Someone running a car repair shop in his own garage? We didn’t stop his work; we just asked that he keep the place clean. Excess cars moved to storage and off the street and driveway. We asked with a six-pack or two in the cooler we brought along. That way, we could see what the new engine block was looking like in the ’57 Ford he was rebuilding.

We didn’t need a city or an HOA to tell us to help our neighbors or to police them, either. We knew our neighbors. We talked with them and helped each other. Sometimes we closed off the street and had a party for all of the families on the street. It wasn’t authorized by the county, and a deputy might drive by and have a hot dog or burger with us. It could happen most any Saturday in the neighborhood.

Of course, we didn’t make “play dates” for our kids or enroll them in 87 different sports and lessons. We told them to come home when the streetlights came on … if we had such lights.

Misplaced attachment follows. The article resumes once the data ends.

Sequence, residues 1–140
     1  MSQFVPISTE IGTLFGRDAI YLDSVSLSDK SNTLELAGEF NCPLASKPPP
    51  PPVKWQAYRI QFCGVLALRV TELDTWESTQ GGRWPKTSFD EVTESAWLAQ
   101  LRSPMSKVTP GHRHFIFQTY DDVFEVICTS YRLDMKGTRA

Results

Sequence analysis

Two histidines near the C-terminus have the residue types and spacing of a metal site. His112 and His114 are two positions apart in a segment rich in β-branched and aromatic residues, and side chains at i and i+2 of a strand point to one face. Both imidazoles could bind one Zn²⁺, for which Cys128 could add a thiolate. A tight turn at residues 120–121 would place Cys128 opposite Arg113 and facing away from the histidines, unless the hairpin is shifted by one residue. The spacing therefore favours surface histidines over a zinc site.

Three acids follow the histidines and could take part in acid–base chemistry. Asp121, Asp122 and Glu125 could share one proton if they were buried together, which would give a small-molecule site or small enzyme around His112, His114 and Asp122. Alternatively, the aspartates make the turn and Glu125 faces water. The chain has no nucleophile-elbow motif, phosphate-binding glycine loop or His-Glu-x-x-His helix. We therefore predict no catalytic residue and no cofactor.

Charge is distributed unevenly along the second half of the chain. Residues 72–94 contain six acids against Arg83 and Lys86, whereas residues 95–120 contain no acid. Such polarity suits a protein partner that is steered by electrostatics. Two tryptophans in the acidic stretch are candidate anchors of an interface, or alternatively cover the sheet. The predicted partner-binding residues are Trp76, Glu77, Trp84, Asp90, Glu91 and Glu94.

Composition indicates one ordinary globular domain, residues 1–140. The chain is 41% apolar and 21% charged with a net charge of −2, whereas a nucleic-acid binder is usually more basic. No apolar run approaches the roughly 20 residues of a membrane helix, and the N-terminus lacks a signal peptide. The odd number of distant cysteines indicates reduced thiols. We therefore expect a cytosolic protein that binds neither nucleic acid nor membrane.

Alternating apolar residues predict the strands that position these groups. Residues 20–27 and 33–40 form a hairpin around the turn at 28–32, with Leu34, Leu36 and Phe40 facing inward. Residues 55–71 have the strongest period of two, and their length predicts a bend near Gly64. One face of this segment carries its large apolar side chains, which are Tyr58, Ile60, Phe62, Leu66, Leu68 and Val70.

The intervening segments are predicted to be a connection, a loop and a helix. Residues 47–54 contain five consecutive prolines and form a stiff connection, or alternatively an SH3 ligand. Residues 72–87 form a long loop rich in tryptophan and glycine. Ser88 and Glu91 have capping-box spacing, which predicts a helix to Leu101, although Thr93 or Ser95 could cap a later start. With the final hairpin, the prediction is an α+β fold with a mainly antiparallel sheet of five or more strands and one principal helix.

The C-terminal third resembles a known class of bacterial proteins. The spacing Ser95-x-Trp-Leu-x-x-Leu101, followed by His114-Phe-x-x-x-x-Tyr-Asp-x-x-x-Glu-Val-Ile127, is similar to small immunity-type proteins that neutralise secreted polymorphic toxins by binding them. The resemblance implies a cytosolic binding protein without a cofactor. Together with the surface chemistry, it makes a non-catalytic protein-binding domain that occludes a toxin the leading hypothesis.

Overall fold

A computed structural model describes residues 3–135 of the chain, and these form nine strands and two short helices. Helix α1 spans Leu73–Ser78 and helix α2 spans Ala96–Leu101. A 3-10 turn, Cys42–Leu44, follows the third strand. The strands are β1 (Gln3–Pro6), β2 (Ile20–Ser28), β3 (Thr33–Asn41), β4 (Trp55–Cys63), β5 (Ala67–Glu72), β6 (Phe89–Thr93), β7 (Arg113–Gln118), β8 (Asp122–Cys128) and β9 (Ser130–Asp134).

We were responsible to and for each other in our neighborhoods.

Was that so bad?

Maybe the members of councils past, present and future will remember those times and let us function as neighbors and not as a crowd to be controlled. Maybe we can clap our hands when we hear something we like at a council meeting. Trying to stop the applause is like trying to stop laughter, screams and yelling on a playground.

We learned that in kindergarten. How soon we forget.

 

Darryl Manzer grew up in the Pico Canyon oil town of Mentryville in the 1960s and attended Hart High School. After a career in the U.S. Navy he returned to live in the Santa Clarita Valley. He can be reached at dmanzer@scvhistory.com and his commentaries, published on Tuesdays and Sundays, are archived at DManzer.com. Watch his walking tour of Mentryville [here].

 

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1 Comment

  1. Marilyn Boron says:

    Hi Darryl, You sound like you grew up in the mid-west in the 30’s and 40’s!! Hurray for You! and the “good old days”.